Don’t go to his home, go to my home instead.
That was the advice Mayor Bill de Blasio gave on Friday to those protesting the proposed homeless shelter at a Maspeth hotel who picketed outside the Brooklyn home of Human Resources Administration Commissioner Steven Banks last week.
In an interview with QNS, Robert Holden, president of the Juniper Park Civic Association (JPCA), said his group and the Maspeth Middle Village Task Force (which organized the protest) wants to take up de Blasio on his challenge and is planning protests at both City Hall and Gracie Mansion. The group is working with others across the city opposed to the city’s ongoing shelter practices.
He also defended the protest outside Banks’ home, noting that it was a “very successful” demonstration that raised public awareness over the Maspeth proposal.
“If he’s going to bring these homeless shelters and affect our homes, we’re going to bring it to him,” Holden said. “All’s fair in love and war, as they say.”
In an interview with WNYC-AM radio on Friday afternoon, de Blasio charged that the protest, which drew three busloads of people from Maspeth opposed to the planned shelter at the Holiday Inn Express on 55th Road, was designed to intimidate Banks and the rest of the city from doing its job.
“We’re not going to be intimidated by protests,” the mayor said, adding that “it’s not right” for demonstrations to take place outside the homes of public servants. He instead suggested the protesters come at him directly.
“If you have a problem, come to my home. Come to Gracie Mansion, you can protest all you want,” de Blasio added. “Come to City Hall, but leave alone decent public servants who are just trying to give people a place to live.”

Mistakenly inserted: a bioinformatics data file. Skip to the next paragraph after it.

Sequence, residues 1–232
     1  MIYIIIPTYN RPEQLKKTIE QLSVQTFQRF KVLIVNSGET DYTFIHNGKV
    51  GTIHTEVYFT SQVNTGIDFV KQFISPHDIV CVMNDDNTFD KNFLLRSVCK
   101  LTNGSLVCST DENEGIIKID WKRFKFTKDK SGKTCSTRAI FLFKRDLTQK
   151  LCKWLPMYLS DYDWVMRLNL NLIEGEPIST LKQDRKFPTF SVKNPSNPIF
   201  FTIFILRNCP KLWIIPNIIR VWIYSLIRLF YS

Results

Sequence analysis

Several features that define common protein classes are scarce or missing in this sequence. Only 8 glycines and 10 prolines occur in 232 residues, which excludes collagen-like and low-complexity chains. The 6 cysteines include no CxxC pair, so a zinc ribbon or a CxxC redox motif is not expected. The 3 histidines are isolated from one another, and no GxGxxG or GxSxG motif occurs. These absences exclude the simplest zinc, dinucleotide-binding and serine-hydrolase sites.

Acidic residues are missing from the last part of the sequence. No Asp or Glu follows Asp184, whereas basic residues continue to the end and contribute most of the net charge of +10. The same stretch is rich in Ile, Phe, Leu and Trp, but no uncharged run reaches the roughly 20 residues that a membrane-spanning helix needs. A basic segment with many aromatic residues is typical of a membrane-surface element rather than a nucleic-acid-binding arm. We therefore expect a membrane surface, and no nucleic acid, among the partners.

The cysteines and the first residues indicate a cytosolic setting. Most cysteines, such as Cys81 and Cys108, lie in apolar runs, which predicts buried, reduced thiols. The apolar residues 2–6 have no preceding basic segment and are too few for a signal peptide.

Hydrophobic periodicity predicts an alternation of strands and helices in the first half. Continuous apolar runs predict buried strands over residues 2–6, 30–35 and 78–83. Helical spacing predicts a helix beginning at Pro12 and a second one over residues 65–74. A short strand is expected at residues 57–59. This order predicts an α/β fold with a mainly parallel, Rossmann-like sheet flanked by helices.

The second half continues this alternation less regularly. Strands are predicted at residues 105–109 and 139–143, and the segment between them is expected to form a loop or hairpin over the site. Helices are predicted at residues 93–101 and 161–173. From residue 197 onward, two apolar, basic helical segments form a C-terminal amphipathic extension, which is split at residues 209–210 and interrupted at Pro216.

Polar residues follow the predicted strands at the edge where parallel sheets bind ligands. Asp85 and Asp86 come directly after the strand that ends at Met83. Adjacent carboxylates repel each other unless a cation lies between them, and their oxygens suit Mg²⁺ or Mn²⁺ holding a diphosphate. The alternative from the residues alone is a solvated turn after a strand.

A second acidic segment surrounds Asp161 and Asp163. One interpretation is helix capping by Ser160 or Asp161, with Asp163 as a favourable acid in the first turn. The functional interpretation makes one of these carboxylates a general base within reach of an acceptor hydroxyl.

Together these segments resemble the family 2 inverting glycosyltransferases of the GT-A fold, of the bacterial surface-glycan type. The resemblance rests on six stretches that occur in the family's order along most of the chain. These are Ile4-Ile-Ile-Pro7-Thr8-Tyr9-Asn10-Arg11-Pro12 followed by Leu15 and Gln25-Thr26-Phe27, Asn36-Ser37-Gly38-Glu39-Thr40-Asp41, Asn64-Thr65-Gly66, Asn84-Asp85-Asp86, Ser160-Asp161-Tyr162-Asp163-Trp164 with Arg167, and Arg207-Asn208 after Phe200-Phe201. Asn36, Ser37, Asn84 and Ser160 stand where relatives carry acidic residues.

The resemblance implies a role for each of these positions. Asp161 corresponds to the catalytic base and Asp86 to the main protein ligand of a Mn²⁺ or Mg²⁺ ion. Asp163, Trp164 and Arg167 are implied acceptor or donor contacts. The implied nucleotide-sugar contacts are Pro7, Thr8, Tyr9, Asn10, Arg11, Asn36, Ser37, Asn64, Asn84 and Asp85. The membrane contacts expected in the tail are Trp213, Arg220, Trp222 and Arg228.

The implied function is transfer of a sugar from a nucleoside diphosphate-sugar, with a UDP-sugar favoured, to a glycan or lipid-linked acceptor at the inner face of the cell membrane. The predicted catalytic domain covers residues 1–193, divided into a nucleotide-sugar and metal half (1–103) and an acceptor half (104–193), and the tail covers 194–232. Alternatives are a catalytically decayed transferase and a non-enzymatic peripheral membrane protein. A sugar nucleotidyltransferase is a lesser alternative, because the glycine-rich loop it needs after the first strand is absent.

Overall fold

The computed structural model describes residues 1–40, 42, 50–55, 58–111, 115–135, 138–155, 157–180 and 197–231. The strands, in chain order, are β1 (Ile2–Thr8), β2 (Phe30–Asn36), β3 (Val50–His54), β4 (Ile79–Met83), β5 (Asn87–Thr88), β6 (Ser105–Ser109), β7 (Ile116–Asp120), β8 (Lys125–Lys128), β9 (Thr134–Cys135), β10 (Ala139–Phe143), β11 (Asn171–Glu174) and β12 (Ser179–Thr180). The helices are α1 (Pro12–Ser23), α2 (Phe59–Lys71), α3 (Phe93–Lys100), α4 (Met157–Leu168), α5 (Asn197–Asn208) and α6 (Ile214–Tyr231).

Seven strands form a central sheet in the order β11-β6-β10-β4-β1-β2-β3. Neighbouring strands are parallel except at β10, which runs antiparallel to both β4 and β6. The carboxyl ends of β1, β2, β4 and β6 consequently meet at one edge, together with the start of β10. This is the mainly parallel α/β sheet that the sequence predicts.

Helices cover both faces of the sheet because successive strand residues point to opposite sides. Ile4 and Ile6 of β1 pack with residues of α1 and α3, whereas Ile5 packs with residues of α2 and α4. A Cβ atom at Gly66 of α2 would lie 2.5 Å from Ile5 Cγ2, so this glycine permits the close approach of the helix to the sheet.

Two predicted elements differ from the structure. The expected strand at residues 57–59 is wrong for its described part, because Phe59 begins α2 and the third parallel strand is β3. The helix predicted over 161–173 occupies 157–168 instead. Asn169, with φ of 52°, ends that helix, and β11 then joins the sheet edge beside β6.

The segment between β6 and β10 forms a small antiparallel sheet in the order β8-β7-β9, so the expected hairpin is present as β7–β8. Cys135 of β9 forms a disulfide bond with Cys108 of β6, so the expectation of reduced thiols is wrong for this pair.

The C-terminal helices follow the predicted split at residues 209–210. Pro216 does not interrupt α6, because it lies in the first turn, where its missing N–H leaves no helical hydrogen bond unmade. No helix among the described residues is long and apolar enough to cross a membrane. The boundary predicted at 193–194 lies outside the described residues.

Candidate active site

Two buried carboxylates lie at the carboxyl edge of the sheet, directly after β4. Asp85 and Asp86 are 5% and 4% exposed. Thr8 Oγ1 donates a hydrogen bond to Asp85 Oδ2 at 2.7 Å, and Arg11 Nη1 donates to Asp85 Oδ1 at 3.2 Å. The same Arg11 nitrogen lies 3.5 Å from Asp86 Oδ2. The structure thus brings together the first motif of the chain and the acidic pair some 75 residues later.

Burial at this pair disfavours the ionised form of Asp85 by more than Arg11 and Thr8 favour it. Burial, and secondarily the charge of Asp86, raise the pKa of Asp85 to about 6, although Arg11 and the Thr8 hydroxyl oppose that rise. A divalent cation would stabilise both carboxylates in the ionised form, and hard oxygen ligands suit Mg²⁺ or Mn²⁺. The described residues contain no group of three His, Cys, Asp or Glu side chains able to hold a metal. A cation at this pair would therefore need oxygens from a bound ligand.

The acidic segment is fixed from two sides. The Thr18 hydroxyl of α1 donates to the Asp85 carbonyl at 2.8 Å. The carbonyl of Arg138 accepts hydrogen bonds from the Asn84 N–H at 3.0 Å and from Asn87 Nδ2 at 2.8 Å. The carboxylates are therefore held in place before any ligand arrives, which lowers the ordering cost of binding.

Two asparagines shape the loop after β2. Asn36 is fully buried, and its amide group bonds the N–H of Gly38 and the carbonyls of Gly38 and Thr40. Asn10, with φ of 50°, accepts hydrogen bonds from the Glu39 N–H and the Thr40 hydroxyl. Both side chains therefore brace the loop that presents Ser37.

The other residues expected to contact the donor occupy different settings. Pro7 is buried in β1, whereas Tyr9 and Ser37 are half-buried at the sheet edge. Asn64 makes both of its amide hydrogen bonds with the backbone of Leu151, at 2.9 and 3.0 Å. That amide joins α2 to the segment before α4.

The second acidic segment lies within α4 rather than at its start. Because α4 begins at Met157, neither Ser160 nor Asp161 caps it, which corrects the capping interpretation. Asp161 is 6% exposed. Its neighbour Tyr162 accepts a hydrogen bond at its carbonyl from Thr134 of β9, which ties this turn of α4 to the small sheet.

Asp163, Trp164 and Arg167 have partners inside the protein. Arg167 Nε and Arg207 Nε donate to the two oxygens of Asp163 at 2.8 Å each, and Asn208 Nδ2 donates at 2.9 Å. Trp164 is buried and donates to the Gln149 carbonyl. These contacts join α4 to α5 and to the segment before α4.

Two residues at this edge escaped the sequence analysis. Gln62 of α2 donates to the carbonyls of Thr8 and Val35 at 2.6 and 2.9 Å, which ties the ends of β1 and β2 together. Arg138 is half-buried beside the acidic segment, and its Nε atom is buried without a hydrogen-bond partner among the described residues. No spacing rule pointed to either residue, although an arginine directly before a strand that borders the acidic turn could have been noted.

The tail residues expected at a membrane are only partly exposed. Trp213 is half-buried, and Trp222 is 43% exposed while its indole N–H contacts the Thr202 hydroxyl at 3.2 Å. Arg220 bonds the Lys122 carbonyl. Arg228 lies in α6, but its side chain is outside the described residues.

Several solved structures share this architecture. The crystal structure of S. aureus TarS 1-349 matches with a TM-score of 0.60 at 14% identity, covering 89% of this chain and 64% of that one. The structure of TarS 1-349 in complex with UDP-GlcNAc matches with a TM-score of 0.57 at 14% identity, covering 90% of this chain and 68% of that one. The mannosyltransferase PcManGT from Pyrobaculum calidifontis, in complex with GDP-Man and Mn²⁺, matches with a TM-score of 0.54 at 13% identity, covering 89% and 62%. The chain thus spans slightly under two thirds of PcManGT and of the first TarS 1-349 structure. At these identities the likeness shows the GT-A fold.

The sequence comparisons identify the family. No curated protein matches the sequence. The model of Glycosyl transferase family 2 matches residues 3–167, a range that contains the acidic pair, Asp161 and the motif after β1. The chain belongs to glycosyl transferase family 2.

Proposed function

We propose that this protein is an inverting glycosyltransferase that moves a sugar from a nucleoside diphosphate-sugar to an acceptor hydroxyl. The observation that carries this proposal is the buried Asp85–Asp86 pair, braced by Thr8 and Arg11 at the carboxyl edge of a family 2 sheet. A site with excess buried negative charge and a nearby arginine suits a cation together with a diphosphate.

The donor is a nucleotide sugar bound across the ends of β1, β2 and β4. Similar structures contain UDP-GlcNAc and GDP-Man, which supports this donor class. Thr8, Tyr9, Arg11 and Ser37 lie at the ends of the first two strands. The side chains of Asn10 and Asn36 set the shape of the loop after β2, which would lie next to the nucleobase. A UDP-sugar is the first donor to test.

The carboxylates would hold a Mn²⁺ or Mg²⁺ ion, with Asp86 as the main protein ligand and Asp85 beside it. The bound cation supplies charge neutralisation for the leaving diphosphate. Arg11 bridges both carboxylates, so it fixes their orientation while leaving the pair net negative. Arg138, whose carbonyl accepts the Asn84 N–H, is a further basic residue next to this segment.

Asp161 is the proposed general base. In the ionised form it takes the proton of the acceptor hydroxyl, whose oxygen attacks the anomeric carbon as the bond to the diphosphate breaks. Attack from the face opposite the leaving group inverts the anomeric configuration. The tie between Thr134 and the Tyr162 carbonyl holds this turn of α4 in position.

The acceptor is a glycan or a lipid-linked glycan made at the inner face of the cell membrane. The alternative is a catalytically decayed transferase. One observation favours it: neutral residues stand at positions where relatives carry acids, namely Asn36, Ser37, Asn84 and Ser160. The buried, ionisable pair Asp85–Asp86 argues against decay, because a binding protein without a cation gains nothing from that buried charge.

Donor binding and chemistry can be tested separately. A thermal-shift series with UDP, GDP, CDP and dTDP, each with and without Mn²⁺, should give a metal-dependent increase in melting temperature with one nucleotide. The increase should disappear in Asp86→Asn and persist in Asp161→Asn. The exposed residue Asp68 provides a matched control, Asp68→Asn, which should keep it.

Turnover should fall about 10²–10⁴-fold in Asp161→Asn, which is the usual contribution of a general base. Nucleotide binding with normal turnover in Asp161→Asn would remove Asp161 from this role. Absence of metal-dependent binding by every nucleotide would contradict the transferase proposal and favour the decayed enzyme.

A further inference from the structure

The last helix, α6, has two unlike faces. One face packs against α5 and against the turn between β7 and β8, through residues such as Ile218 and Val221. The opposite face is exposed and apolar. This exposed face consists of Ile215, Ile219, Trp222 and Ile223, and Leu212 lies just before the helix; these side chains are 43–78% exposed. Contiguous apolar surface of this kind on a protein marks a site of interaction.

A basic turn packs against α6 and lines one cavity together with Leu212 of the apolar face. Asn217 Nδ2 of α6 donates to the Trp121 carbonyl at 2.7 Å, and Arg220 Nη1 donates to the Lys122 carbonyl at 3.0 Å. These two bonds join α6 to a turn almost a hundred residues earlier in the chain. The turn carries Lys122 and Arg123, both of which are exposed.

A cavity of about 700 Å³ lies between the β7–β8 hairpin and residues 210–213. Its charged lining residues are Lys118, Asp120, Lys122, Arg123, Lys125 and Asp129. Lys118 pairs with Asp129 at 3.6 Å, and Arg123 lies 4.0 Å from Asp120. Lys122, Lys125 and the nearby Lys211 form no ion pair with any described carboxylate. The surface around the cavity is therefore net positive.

When news broke Thursday afternoon that the protest was scheduled, a spokesperson for de Blasio implied that the demonstration was an effort to intimidate a public official.
“Intimidation and threats are not how we resolve problems in New York City,” Aja Worthy Davis said. “The city will continue to engage with community members regarding this proposal, but New York City will not stand for the harassment of a government official and his family at their home.”
The statements sparked an incredulous reaction from Holden. He pointed out that de Blasio had been involved in similar protests against city agencies before becoming mayor.
“Since when are peaceful protests equivalent to ‘intimidation and threats’?” Holden asked. “The First Amendment guarantees the right of public assembly. As I recall, it was Mayor de Blasio who made sure he got arrested protesting the closure of Long Island College Hospital (in Brooklyn) while chanting, ‘No hospital, no peace.'” De Blasio was the city’s public advocate at the time of that particular protest.
The anger at de Blasio isn’t limited to protesters. On Friday, state Senator Joseph Addabbo called upon the mayor to directly address inquiries he made regarding details about the Maspeth shelter proposal which have, to date, been unanswered. Addabbo indicated that the lack of details regarding the plan led to numerous rumors being circulated about its use, “causing the real status of the plan to remain unknown by those it would affect the most.”
“I truly believe that by improving the cooperative effort with elected officials and community residents, we can better address and serve the needs of those desperately seeking shelter,” Addabbo wrote in a letter to Mayor de Blasio. He requested a response to his correspondence by no later than Sept. 21.
In the meantime, the task force is planning to march this weekend outside the Long Island home of Harshad S. Patel, who owns the Holiday Inn Express. The Maspeth Middle Village Task Force argues that, because of past attempts to bribe a public official, Patel should be disqualified from doing business with the city.
“We are protesting at Patel’s house in Floral Park next,” said Tony Nunziato, chair of the Maspeth Middle Village Task Force and Republican candidate for the 30th Assembly District seat. “If the players here won’t come and talk to us, we’ll show up on their doorsteps.”
Earlier this month, Patel announced that he was withdrawing his support of the plan, but the city indicated negotiations for the shelter were ongoing.